When he gives a reading from his memoir "Real Mountains," Dan Seftick does so as a parent.
"I guess I don't really consider myself an author, just a grieving dad trying to make sure his son is remembered and loved," said Seftick, who lives in Afton with his wife, Sue.
The book, published last fall by Beaver's Pond Press, pays tribute to Seftick's son, Gregory Seftick, 31, and a friend who died in an avalanche April 16, 2011, in Grand Teton National Park in Wyoming.
"Real Mountains" also chronicles the agony Seftick and his wife endured when they learned their son was missing. They traveled to Grand Teton to meet with authorities during the seven-day search for their son and his friend, Walker Kuhl. As the days went by the rescue became a recovery effort.
"My heart will break if Gregory is dead," Seftick writes, "but I can't imagine leaving Grand Teton National Park without him, without knowing his fate."
On Easter Sunday, the bodies of Gregory Seftick and Kuhl were discovered buried under 13 feet of snow. The two, both seasoned backcountry skiers and mountaineers, had died in their sleeping bags after the avalanche bore down on them.
Seftick said it has gotten a little easier in the five years since his son's death, but that the pain never goes away.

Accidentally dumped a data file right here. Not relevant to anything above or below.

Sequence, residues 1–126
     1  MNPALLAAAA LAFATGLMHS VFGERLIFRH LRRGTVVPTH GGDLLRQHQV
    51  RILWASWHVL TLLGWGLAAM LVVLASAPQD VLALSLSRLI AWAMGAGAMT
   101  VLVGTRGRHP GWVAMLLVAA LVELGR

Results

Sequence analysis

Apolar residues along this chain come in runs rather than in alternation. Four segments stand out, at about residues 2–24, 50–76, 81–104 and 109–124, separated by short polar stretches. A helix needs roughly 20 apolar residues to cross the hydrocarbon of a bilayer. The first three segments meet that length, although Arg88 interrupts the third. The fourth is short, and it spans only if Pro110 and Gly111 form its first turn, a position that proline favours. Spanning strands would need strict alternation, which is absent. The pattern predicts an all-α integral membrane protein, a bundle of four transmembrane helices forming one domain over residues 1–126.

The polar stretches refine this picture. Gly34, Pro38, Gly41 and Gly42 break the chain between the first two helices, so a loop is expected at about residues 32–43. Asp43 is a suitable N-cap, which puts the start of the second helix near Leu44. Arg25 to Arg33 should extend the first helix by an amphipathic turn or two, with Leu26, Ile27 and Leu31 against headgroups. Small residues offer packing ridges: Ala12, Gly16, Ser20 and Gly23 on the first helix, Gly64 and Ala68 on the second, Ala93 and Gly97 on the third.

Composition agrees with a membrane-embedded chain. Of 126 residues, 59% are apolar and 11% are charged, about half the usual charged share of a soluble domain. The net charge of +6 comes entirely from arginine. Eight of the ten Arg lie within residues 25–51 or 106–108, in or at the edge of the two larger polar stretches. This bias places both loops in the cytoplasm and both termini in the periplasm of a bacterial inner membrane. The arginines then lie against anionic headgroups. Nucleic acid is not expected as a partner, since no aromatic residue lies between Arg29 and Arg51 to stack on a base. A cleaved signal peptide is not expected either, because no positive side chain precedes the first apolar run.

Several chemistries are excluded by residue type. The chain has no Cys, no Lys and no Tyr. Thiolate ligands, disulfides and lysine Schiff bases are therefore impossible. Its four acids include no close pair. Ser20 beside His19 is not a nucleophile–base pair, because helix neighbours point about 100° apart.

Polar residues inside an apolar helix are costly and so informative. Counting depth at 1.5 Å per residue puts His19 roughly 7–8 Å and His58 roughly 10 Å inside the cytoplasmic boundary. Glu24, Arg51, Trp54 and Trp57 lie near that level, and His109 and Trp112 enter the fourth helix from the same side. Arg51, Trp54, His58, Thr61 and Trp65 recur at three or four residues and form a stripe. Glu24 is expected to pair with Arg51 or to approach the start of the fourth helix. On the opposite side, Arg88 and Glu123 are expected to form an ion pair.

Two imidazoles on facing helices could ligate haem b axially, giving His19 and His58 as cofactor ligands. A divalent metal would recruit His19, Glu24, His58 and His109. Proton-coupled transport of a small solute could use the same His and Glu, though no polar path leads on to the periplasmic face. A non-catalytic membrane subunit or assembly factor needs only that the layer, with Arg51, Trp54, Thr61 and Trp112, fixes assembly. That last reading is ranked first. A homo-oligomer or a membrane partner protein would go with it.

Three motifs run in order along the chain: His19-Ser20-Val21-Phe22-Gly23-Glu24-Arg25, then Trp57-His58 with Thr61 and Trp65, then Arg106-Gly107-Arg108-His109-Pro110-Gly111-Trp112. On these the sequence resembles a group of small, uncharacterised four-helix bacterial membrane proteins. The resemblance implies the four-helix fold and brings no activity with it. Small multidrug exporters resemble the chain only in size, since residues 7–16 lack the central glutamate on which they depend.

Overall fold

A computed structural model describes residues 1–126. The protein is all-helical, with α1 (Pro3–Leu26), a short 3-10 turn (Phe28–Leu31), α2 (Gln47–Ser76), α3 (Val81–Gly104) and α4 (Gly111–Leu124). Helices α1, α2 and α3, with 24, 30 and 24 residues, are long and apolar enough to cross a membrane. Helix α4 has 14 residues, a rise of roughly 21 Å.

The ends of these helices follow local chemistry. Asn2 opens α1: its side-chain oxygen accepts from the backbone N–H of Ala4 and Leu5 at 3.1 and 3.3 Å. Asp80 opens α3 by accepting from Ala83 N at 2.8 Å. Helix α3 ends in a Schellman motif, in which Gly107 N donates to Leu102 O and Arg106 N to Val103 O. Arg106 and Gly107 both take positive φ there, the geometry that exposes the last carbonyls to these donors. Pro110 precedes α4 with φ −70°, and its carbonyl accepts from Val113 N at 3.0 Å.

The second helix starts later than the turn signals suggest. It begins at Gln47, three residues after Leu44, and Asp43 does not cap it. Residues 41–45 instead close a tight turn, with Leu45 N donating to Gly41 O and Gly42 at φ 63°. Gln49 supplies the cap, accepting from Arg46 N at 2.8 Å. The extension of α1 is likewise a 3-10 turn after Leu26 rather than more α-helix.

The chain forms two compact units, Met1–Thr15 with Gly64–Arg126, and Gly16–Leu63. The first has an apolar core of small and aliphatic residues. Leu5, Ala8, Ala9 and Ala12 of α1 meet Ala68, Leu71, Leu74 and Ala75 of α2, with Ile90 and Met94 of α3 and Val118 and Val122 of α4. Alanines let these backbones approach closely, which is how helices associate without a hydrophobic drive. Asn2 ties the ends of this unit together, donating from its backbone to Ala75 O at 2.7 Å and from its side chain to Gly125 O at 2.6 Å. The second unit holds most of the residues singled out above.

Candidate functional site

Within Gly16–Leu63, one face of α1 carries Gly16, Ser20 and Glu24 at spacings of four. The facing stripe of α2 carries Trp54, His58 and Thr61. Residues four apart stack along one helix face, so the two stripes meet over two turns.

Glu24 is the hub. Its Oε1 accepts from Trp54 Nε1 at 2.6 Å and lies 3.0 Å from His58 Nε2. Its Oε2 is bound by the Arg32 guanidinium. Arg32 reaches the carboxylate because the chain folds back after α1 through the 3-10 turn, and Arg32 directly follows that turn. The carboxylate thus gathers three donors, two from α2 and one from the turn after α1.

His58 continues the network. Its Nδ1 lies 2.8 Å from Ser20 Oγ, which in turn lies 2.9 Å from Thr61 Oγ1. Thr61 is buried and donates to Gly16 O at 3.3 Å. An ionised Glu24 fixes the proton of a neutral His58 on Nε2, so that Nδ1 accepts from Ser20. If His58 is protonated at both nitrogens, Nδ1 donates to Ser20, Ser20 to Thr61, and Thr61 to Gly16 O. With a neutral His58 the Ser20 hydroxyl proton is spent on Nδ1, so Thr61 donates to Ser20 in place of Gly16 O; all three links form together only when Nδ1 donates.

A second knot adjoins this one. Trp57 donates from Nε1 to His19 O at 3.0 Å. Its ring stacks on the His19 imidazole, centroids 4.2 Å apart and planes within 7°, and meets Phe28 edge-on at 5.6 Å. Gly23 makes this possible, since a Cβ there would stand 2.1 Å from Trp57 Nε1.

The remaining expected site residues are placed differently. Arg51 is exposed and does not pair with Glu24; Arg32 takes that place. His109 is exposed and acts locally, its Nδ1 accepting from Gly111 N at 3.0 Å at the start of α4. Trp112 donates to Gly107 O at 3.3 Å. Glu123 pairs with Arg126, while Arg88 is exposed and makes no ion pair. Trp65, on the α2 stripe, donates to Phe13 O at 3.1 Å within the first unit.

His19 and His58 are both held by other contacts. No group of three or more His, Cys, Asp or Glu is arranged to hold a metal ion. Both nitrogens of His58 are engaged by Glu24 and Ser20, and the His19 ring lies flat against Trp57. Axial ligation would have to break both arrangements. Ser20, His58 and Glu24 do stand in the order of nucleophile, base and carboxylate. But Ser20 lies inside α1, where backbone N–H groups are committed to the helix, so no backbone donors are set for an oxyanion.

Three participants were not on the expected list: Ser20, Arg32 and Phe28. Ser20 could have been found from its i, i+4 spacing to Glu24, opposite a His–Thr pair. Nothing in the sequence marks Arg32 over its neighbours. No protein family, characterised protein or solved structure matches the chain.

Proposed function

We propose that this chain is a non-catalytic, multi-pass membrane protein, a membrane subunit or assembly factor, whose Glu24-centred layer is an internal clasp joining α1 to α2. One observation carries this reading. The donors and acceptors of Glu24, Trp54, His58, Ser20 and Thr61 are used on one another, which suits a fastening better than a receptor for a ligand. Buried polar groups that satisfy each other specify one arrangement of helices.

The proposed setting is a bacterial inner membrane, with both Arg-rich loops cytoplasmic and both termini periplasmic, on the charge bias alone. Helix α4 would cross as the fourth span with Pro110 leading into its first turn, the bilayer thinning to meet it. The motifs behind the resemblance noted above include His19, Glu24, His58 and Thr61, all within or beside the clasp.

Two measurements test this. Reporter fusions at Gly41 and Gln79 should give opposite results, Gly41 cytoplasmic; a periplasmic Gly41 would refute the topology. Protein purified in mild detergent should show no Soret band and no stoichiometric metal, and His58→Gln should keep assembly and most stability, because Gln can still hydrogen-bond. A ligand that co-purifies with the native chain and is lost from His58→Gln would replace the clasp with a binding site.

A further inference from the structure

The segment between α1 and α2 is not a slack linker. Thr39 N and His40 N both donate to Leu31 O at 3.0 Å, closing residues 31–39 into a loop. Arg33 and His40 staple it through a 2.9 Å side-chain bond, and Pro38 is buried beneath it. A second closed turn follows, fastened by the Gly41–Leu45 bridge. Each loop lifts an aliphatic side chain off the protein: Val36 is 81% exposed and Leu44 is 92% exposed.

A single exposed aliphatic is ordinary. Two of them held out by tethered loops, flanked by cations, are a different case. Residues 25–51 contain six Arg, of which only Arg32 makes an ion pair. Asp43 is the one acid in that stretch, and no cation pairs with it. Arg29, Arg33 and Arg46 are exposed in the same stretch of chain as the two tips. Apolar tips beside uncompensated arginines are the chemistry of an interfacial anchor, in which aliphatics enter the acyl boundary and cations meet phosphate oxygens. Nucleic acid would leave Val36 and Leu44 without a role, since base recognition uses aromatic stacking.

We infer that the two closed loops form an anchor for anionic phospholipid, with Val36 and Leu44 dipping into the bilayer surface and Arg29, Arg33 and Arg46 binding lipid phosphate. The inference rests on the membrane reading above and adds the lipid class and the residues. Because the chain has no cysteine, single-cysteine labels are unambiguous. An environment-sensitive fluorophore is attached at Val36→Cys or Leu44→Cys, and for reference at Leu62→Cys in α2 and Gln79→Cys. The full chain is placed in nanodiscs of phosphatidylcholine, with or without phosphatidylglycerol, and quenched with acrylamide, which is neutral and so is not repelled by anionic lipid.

"At first it was very therapeutic," he said of writing the book. "As time went on and you get to the nuts and bolts of all the steps involved in publishing a book, it just became a lot of hard work. There are other aspects involved. I didn't even think about having to write my own bio or write my own synopsis of the book for the dust jacket flap. It's all foreign to me."
His son's memory lives on. At Stillwater Area High School, the Dr. Greg Seftick Wilderness Scholarship was established. Seniors who are on the school's alpine ski team are eligible for the $1,000 scholarship. A bench and a tree memorialize Seftick at St. Olaf College in Northfield, where he graduated in 2002.
Seftick said he and his wife hope to do a reading at Grand Teton National Park.
"I look forward to it. That's our park. Everybody's different, but for my wife and I it's very special," Seftick said. "It was one of Gregory's favorite places on Earth, so we feel very close to him in the mountains."
The book tour will also take them to Morgantown, W.V., where Gregory Seftick completed his residency after graduating from the University of Minnesota Medical School.
"His colleagues there have been very supportive," Seftick said. "We considered them our West Virginia family. On their own they started the Dr. Gregory Seftick medicine fund with the West Virginia University Foundation." They also named the residents' lounge after Gregory Seftick.
"You just kind of try to focus on what you have instead of who is missing," his father said.
Proceeds from the book will go to: the Grand Teton Association; the Access Fund, a nonprofit rock climbing advocacy group; the St. Croix Valley Foundation, administrator of the Dr. Greg Seftick Wilderness Scholarship Fund; and the West Virginia University Foundation, administrator of the Dr. Gregory Seftick Wilderness Medicine Fund.
If you go:
The Sefticks will conduct a reading and signing at 3 p.m. Saturday, Jan. 14, at Eat My Words Bookstore, 1228 Second St. N.E., Minneapolis, and 10 a.m. Saturday, Jan. 28, at the Lutheran Church of Peace, 47 S. Century Ave., Maplewood. For more information, visit Gregseftick.wixsite.com/realmountains.